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Philip K. Dick Books And Movies

Movies Based On Philip K. Dick’s Novels

Do Androids Deam Of Electric SheepPhilip K. Dick is one of my favourite authors; I enjoy his writing a great deal – although some of his imagined futures are definitely beyond dystopian. I have read and re-read all of his books. I have listened to quite a few in audio book format and, needless to say, I have watched a number of movies which were inspired by Dick’s writing.

I find it fascinating that so much of Dick’s work has been transferred onto the silver screen – and equally interesting that the majority of the movies based on Dick’s writing have no more than a loose relationship to the original writing.

The most famous example must be Ridley Scott’s “Blade Runner”, which is (loosely in my opinion) based on Dick’s novel “Do Androids Dream of Electric Sheep”.  “Total Recall” and “Minority Report” will also be instantly recognizable to even the most infrequent movie goer.

Here’s a partial list of movies which have been inspired by Dick’s work. I think that there may be one or two others – and Blade Runner has been remade.

  • Blade Runner
  • Total Recall
  • A Scanner Darkly
  • Minority Report
  • Paycheck
  • Next
  • Screamers
  • The Adjustment Bureau
  • Impostor

I think it would be almost redundant to say that I enjoyed “Do Androids Dream of Electric Sheep” more than “Blade Runner”. As someone who enjoys reading, I have very rarely seen a film that I thought was better than the book. That’s just the way it is, I love reading, therefore I like books better than movies – QED.

However, I can say that I enjoyed both the book and the movie immensely – but for different reasons. The book and the movie are very different animals. The main plot, tough, hard bitten bounty hunter, Rick Decker, hunts androids in post apocalyptic San Francisco, is still there in the movie, but many of the sub-plots found in the book are omitted.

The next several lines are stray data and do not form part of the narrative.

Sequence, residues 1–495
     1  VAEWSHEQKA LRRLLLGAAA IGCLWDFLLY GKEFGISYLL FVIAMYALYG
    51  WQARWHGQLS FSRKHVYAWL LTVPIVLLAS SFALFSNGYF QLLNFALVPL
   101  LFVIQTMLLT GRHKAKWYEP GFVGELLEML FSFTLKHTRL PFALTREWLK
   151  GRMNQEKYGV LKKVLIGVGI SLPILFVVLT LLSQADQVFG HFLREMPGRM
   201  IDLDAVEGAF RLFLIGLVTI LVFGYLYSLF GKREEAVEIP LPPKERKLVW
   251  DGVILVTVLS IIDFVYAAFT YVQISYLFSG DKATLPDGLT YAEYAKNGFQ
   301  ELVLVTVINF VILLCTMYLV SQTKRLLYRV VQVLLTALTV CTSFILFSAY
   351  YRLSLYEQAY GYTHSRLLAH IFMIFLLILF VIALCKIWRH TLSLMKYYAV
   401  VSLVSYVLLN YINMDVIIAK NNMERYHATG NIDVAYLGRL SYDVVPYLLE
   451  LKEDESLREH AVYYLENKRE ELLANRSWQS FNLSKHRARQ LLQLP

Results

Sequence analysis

Which is not to say that it isn’t a great movie – it is. One of the best in fact, it’s just very, very different to the book.

As a matter of fact, director Ridley Scott has been quoted as saying that he had never read Dick’s novel at the time the movie was made (maybe he has now). That may or may not be true, but it is certainly believable.

On the other hand, Philip K. Dick, speaking on the environment created by Scott for the movie, declared that it was “exactly as how I’d imagined it!”.

In summary, the movie is great and the book is great. However, if you think that you are familiar with “Do Androids Dream of Electric Sheep” because you have seen “Blade Runner”, you’re not. It would be well worth your while to get yourself a copy and read it.

Minority Report by Philip K DickIn a similar vein, the movie “Minority Report”, starring Tom Cruise is very different to the short story which inspired it. Once again, it’s a good movie, if not in the “Blade Runner” category perhaps, but it’s markedly different to Dick’s original vision.

It’s actually easier to see why this one altered though, Cruise is much younger than the original protagonist in Dick’s story. There’s a lot more action in the movie version, also for obvious reasons I think.

In short, movies and books are different – and movies based on Philp K. Dick’s works are usually very different to the original source. Philip K. Dick is always worth a read – and if your acquaintance with his work is based on movies, you may be pleasantly surprised at the added depth which you will find.

 


Do Some Books Work Better In Print?

Making The Switch To An E-Reader And E-Books

kindle voyage ereaderIt’s over five years now since I got my first e-reader. I’ve always been a keen reader, so when e-readers first came on the scene, I was very eager to get one.

Unfortunately, as I live in the UK, I had to wait a little while before I could get a Kindle 2.0 shipped over from Amazon in the USA, but it was well worth the wait.

Like many bookworms, I did worry a little about whether or not I would miss a”real” book and how good the e-reader experience would be. As it turned out, I needn’t have worried. The e-ink display on my Kindle 2.0 was great to read on. Page turns were fast and the battery life was great, much better than a notebook or tablet computer.

It was easy to operate with one hand and small and light enough to make packing for business trips a lot easier than when I usually had to try and fit two or three chunky paperbacks into my hand luggage.

My Kindle quickly became my favourite gadget and, in a very short period of time, I was reading e-books almost exclusively. The idea of wrestling with a big chunky paperback seemed cumbersome and outdated to me.

However, I know that not everyone will agree. Some people say that they would miss the feel of a physical book, some even think that they would miss the smell of a book. Each to his own, and there are definitely some books which work best in physical format.

As mentioned, I am almost exclusively using e-books these days, but I did recently purchase a recipe book for my halogen oven in printed format. The colour format of most recipe books doesn’t really lend itself to consumption using an e-reader. I did consider using a tablet computer, and I think that would have worked fine, but the thought of my tablet getting splashed with water and sprinkled with flour was enough to make go for the printed option.